Should I invest in mutual funds or individual securities?

Should I invest in mutual funds or individual securities?

The choice between the two is a difficult one to make. It also depends on certain factors like your age, risk appetite, financial goals among other things which will help you create your ideal financial portfolio. To be fair, you needn’t make a choice between the two – You can invest in both of them in a certain proportion, taking care to avoid duplication.
A. Investing in Equities
· High risk: Equity share investment is a risky investment as compared to any other investment like debts etc. Stock trading is investing in a business, and business involves risk and can go leg-up for reasons many times, not in its control.
· Stock investing requires knowledge: You have to have adequate knowledge about the market. You need to understand the way the markets work, keep updated regarding the daily events that affect the market.
· Research and analysis are a must: You should have the time and knowledge to research and analyse a particular stock before investing in it. It is always better to do the basic homework yourself. Relying on recommendations may hamper your investment style and may not be plausible for your goals.
· Emotions under control: Emotions tend to blind our investment decisions. It is also a human tendency to get bogged down when the markets fall and get too elated when the markets rise, making it difficult to follow through our investment plan.
· Financials must be in order: Investing in stocks is risky. And in order to take that risk, you need to invest money you would not require for the next 3-5 years. Which requires you to have an emergency fund that can take care of basic expenses for at least 3-6 months.
B. Investing in mutual funds:
· Experience of the fund management team: In a mutual fund, your investment is handled by a fund management team. The more experienced the fund manager, the higher the chances of generating alpha (returns over and above the benchmark).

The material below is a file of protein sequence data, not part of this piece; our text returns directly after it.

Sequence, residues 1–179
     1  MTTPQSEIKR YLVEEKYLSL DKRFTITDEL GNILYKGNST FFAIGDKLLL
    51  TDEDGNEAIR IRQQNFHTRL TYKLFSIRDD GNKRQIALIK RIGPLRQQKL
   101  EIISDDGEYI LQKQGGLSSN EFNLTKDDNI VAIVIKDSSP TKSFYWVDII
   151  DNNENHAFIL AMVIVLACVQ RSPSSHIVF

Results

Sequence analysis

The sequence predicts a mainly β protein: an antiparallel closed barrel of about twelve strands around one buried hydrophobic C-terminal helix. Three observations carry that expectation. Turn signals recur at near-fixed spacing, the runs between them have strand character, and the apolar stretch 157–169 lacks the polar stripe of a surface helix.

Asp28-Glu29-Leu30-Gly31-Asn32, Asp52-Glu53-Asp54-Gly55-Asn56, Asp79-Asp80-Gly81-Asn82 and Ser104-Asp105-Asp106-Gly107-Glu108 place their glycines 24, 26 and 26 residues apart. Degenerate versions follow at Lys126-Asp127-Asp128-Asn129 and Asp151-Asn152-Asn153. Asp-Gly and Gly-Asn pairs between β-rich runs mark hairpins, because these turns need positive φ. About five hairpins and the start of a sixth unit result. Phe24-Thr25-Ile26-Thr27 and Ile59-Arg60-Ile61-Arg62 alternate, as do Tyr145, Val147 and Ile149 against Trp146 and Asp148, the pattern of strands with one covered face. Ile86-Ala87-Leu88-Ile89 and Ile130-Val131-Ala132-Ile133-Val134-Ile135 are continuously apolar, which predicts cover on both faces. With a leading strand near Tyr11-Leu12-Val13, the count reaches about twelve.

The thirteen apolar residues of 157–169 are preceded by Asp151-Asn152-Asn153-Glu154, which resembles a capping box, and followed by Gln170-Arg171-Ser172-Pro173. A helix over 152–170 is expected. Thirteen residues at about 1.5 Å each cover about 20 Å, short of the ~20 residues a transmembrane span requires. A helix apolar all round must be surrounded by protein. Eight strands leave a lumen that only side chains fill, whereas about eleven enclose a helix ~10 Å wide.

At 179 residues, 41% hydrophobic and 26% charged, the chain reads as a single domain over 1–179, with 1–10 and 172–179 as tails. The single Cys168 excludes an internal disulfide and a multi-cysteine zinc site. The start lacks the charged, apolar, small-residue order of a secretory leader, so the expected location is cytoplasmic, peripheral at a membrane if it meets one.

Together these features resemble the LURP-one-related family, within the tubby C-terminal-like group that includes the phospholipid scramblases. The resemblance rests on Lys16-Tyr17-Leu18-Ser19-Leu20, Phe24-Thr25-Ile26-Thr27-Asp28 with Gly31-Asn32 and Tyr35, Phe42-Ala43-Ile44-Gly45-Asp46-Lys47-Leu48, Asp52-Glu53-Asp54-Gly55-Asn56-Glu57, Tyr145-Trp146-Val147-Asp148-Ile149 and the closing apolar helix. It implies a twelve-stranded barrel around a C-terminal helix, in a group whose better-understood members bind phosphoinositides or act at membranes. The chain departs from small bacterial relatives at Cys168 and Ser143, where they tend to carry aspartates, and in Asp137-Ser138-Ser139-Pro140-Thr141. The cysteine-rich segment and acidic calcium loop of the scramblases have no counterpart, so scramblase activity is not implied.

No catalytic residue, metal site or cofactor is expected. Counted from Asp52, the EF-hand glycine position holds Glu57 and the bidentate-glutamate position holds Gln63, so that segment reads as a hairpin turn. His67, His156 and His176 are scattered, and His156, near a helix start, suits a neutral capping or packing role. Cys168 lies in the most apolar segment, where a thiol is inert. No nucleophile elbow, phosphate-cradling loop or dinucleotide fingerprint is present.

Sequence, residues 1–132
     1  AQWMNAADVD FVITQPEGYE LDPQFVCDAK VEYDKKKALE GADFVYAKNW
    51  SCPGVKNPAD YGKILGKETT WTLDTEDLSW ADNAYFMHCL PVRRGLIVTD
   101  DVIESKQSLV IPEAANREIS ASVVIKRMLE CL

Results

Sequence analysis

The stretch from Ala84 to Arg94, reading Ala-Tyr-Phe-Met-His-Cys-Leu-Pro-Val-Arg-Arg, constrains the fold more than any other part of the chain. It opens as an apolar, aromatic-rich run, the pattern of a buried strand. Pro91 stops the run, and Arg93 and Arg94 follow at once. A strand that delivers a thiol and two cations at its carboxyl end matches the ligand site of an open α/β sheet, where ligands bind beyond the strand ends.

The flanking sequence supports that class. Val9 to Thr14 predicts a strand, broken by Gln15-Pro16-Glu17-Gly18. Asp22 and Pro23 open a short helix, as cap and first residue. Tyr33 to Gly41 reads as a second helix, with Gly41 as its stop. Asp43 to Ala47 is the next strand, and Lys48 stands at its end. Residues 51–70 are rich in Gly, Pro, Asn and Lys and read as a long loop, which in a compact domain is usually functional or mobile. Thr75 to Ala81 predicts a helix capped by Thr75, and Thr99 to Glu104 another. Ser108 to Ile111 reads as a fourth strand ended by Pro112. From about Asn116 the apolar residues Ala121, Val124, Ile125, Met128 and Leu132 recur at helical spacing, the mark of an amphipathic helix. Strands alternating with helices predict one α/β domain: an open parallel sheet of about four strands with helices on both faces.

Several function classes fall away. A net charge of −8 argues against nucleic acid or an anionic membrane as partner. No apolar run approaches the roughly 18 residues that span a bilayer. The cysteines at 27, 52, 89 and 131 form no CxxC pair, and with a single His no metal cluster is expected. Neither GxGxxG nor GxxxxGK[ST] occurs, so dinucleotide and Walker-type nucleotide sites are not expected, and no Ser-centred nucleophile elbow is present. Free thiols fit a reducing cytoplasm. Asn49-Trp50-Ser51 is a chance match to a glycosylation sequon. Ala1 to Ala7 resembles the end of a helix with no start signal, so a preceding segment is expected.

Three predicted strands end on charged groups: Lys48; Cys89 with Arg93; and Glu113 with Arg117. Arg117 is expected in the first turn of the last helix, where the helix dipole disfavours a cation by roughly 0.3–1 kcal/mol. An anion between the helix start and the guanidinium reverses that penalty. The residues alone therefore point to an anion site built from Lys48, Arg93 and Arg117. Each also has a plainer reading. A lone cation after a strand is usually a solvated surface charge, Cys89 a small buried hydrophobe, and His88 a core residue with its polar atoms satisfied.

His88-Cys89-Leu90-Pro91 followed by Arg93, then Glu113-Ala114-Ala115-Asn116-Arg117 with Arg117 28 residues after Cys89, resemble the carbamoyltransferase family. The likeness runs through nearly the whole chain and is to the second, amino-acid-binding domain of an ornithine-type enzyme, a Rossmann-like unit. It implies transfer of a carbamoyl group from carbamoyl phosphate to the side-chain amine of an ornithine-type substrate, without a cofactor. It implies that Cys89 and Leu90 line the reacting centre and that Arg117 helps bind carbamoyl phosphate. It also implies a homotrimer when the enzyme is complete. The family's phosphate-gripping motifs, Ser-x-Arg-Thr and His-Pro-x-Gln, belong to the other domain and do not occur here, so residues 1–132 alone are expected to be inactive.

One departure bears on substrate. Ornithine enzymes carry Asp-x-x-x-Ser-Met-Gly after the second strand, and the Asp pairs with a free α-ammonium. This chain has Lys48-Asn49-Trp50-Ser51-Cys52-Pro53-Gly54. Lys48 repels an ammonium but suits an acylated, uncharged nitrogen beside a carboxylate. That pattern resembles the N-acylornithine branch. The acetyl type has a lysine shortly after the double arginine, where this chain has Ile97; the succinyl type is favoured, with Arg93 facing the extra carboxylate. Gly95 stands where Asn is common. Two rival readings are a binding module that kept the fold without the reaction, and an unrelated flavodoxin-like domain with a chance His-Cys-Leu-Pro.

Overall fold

· Mutual fund investment should be goal-linked: The goals with the longest timelines (eg: retirement), should be prioritized in savings. This is because of the magic of compounding will let your money work optimally.
· Know your fund expenses: Be aware of the charges involved when investing in a mutual fund. This is known by the TER or Total Expense Ratio of the scheme published in the factsheet and on respective websites of the fund houses. It goes without saying that lower the expenses, the better your returns.
· Diversification is the key: Do not put all your eggs in one basket. Any good investment will be spread across asset classes (equity, debt, etc). The weights allotted to these categories will depend upon your risk appetite.
Summarising: Now as we can see from the points above, stocks involve self -investing while mutual fund investments are an indirect investment taken care of by an experienced management team. However, both create wealth for the investor. What you need to see is which investment suits you better. If you are a person who has a high-risk appetite and has adequate knowledge about equities and the dedication required to pursue it, stock investing will work for you. If not, mutual funds will be a better bet.
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